Drax gas power station legal challenge fails

Drax power station by Jonathan Brennan via Flickr, (CC BY-ND-NC 2.0).
One way to raise power prices: make consumers pay generators to keep their coal power stations running, while the Treasury taxes them, to make them close. Photo: Drax power station by Jonathan Brennan via Flickr, (CC BY-ND-NC 2.0).
ClientEarth argued green light for powerstation development was unlawful and did not take enough account of environmental targets.

We're very dissatisfied by today's judgment.

A group of environmental lawyers have lost a High Court challenge in the UK against a government decision to approve a new gas-fired power plant.

Consent was given in October last year for the construction and operation of two gas generation units and two battery storage units at the existing Drax power station near Selby, North Yorkshire.

ClientEarth brought legal action against the Department for Business, Energy and Industrial Strategy (BEIS) arguing that the decision to give the green light to the development was unlawful and did not take enough account of environmental targets.


But in a ruling on Friday, Mr Justice Holgate dismissed the charity's challenge.

The judge said it was important to emphasise from the outset that it is not for the court to "consider the merits of the proposed development or of the objections made to it."

"It is only concerned with whether an error of law was made in the decision or in the process leading up to it," he said.

He added: "The claimant in this case seeks to protect environmental and health interests of great public importance which it says argue strongly against any development of the kind proposed taking place.

"But those matters are not freestanding. There are also other public interest issues which operate in favour of such development, such as its contribution to security and diversity of energy supply and the provision of support for the transition to a low carbon economy.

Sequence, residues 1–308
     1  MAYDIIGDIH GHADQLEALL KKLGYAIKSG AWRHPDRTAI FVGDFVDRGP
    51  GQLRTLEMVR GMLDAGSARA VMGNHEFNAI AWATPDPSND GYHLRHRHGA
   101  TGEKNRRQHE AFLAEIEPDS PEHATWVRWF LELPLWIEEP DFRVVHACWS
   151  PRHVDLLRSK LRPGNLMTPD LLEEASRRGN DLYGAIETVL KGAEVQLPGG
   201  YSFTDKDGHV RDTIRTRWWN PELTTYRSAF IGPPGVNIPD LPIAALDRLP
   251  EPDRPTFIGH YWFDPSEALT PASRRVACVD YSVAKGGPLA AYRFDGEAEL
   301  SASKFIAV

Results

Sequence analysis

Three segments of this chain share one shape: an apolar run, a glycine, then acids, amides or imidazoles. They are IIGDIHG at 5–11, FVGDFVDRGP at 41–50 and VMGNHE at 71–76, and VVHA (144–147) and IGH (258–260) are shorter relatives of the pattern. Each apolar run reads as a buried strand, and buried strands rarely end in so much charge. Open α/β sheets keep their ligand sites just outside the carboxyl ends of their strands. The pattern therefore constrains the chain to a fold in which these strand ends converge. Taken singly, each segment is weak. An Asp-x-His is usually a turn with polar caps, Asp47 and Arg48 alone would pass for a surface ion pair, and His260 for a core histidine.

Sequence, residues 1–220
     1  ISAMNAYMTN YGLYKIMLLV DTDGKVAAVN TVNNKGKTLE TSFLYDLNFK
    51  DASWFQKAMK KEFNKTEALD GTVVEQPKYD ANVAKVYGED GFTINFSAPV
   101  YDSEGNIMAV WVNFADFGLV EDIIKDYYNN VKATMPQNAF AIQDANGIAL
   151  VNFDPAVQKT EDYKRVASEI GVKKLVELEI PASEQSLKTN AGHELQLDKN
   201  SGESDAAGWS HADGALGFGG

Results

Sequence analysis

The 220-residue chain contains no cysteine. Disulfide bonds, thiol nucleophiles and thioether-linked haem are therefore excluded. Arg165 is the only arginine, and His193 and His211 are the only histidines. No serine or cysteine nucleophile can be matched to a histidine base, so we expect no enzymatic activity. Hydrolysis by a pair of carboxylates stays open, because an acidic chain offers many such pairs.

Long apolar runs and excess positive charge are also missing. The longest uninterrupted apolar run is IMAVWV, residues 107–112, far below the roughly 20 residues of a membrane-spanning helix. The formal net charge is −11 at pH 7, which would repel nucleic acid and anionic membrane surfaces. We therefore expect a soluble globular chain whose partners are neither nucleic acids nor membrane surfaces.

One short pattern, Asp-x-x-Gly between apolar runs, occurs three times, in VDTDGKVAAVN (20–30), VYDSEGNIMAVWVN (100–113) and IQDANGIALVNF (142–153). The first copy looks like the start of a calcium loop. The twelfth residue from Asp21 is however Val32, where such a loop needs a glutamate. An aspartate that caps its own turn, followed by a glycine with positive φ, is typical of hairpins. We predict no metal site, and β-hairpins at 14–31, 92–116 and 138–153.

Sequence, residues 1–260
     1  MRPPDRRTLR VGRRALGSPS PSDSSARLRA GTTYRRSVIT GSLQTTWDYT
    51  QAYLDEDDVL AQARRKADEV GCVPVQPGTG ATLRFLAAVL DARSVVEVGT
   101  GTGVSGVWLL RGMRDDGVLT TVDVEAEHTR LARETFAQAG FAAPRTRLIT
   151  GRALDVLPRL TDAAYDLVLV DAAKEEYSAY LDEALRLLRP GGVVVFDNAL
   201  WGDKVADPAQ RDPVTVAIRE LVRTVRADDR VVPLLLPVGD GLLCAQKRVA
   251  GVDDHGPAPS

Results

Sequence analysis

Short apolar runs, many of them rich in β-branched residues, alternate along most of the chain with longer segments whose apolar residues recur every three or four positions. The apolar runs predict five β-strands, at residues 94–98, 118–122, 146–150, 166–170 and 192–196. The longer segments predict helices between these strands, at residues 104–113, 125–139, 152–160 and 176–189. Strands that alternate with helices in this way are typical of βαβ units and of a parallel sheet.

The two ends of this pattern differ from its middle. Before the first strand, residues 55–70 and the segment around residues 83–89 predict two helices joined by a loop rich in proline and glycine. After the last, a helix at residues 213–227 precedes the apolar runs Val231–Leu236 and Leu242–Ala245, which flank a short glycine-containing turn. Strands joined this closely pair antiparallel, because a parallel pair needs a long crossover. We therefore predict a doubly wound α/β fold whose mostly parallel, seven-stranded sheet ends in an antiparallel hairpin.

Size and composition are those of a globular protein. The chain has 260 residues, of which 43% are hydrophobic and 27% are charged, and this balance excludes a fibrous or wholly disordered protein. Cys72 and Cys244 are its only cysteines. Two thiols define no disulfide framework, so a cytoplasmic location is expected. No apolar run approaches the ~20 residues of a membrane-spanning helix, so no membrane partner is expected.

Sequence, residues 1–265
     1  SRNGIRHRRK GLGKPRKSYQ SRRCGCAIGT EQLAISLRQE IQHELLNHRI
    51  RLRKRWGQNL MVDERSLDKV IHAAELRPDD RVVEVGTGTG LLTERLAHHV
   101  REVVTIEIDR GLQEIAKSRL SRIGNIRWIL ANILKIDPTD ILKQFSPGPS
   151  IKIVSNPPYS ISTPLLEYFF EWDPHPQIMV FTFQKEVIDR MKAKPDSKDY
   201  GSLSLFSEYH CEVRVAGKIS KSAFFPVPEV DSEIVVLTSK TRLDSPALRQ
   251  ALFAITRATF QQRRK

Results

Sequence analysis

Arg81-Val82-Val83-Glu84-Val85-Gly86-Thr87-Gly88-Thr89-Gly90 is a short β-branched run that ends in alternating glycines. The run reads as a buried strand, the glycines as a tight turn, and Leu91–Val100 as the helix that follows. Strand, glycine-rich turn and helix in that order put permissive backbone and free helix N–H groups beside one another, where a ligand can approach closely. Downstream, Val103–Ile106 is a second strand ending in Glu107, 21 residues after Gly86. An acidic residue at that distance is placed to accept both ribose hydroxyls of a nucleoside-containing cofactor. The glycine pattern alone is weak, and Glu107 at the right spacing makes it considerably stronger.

"Policy-making in this area involves the striking of a balance in which these and a great many other issues are assessed and weighed.

"This is carried on at a high strategic level and involves political judgment as to what is in the public interest."

ClientEarth said it will consider an appeal.

At a hearing last month, lawyers for the environmental legal charity argued the decision was unlawful for a number of reasons, arguing BEIS "misinterpreted and misapplied" the Planning Act 2008 and failed to fully consider the 2050 net zero emissions target - which was passed into law by the Government last June.

In addition, they said the department had misinterpreted policy documents on the need for the development and failed to give adequate reasons on its assessment on the need for it.

BEIS lawyers argued that ClientEarth's challenge was flawed and should be rejected adding that the department's decision letter had set out a "rational and reasoned basis for granting consent for the Drax Power project".


A panel had previously assessed Drax's application, and its report in July last year recommended that consent for the scheme be withheld. However, the Government rejected the panel's analysis and gave the go-ahead for the project.

ClientEarth in-house lawyer Sam Hunter Jones said: "We're very dissatisfied by today's judgment, rejecting our arguments against the lawfulness of the Government's decision and of its approach to assessing the project's carbon lock in risk. We will consider an appeal."

A Drax spokesman said: "The development of new high efficiency gas power at Drax would support the UK's decarbonising energy system, subject to the project securing a Capacity Market agreement to underpin the investment needed."

A BEIS spokesman said: "We welcome the High Court's ruling issued today which supports the Secretary of State's decision to grant consent for the Drax Re-Powering Project. We are going further and faster than any other major economy in taking action on climate change.

"As we transition to net zero emissions in 2050, natural gas can provide a reliable source of energy while our world class renewables sector continues to grow, supported by record levels of investment."

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Alison Kershaw is a reporter with PA.

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